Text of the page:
Learning Center
March 1, 2023
8 min read

What is GraphQL?


Have you ever worked on app development projects before? If so, then chances are that you have come across the term “GraphQL.” However, what exactly does it entail? Is it utilized in server or client-side configuration? Furthermore, when would Integration of GraphQL be preferred over other alternatives? In this guide, we will provide insight into all these inquiries whilst highlighting its benefits.

Primarily known for being an open-source API query language, GraphQL has rapidly evolved to become an essential element of application programming interface (API) design involving numerous advantages such as greater flexibility and efficiency during coding pipelines. Enabling developers to efficiently communicate between clients’ browsers/devices and the server effectively enables rapid execution of web features ensuring swiftness in developing apps as well as enhancing the applications thorough functionally. This text aims to provide a comprehensive overview of GraphQL, including its definition, operational mechanics, examples and use cases, as well as benefits.

What is GraphQL?

GraphQL is both an API type (or query language) and a runtime engine for responding to those queries. It provides a streamlined API ideal for mobile applications and implementations with complex schemas where only certain data subsets are required.

With GraphQL, developers can specify the data they want to fetch from an API. It also allows for fetching data on demand rather than all at once, apply changes immediately, and integrate third-party sources of data into an application.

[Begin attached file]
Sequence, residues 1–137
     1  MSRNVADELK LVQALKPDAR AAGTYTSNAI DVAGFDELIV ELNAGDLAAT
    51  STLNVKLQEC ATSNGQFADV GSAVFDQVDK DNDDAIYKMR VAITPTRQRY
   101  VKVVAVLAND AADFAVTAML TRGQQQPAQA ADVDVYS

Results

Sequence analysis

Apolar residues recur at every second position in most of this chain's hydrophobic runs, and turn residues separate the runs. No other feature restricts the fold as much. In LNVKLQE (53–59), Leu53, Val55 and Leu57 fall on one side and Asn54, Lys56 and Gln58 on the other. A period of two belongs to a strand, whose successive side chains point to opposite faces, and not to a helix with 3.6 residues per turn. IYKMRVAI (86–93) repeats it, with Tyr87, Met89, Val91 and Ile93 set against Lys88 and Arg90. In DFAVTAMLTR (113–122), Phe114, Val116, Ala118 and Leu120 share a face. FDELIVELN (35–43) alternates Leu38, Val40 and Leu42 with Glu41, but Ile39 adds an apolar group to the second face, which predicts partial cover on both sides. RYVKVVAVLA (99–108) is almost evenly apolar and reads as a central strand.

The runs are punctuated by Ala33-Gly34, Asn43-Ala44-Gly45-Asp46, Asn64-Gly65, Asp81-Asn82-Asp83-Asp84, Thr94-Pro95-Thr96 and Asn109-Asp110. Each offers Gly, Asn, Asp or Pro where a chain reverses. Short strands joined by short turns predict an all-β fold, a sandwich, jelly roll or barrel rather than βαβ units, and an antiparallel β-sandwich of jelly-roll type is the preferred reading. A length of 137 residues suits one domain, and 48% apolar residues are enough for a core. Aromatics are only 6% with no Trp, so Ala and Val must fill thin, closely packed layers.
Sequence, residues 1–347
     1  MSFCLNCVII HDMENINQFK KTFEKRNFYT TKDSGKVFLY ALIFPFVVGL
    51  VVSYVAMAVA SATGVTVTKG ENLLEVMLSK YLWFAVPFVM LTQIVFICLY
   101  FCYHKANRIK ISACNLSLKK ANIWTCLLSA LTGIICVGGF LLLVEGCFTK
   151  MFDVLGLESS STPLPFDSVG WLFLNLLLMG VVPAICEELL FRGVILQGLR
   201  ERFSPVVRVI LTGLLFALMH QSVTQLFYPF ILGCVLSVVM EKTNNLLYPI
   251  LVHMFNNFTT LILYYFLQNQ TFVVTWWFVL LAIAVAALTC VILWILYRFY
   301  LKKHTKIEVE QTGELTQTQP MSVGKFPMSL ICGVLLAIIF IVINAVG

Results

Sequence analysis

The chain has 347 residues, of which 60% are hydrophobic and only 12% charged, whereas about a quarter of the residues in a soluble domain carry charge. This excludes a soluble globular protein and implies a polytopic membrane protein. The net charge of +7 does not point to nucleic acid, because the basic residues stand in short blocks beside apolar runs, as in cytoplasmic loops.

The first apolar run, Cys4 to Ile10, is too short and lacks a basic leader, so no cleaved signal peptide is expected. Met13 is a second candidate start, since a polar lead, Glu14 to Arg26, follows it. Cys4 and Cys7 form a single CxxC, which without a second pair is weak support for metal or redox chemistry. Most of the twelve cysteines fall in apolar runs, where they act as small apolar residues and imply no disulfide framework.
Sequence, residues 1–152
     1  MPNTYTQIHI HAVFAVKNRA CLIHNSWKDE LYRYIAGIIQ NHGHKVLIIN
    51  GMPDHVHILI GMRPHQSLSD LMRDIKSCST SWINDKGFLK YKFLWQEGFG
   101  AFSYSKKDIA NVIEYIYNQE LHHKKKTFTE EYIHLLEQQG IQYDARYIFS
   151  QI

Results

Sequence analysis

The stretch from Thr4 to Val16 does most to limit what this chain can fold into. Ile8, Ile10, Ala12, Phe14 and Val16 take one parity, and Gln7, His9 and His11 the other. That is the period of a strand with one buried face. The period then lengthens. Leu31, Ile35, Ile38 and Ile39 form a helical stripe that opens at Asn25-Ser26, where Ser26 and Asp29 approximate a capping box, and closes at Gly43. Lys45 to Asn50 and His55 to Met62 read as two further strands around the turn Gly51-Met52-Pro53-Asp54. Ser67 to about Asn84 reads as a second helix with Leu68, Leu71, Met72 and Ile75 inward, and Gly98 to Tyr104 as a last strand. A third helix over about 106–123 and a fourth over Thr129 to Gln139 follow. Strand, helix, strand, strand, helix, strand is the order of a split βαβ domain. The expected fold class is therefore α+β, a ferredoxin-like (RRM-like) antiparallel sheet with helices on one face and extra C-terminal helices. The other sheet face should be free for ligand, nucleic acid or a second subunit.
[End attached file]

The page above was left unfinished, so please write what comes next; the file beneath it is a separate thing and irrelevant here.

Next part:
Applications can call GraphQL services using GraphQL queries. These queries will return the exact data elements the client requests — nothing more or less. This saves multiple API calls, network bandwidth, and post-processing. For data-centric APIs and APIs sitting right at the edge close to consuming devices, like mobile phones and tablets, it’s an incredibly efficient solution.

The history of GraphQL

Created by Meta when the company was building the Facebook mobile app back in 2012 (and open sourced in 2015), GraphQL was designed to address some of the shortcomings of REST.

GraphQL adoption continues to increase today. It’s a solid choice for organizations looking to make their dispersed data easily available through APIs. Not surprisingly, big names like GitHub, PayPal, Shopify, Netflix, and Facebook use GraphQL.

Does GraphQL replace REST?

While REST remains the dominant method for API access, it cannot be replaced by GraphQL.

This is because REST is an architecture framework for constructing APIs while GraphQL functions as both a runtime engine and query language. Essentially, HTTP requests are used to interact with REST APIs while clients use URLs to consume API services provided by the server-side runtime engine in GraphQL.

When executing a query, the GraphQL API leverages several data sources simultaneously, including REST APIs, databases, and microservices. Concealing the disparate origins of the requested information, the server presents the data via a single API. A key difference from conventional query languages is that GraphQL permits accessing information across multiple segments in one call.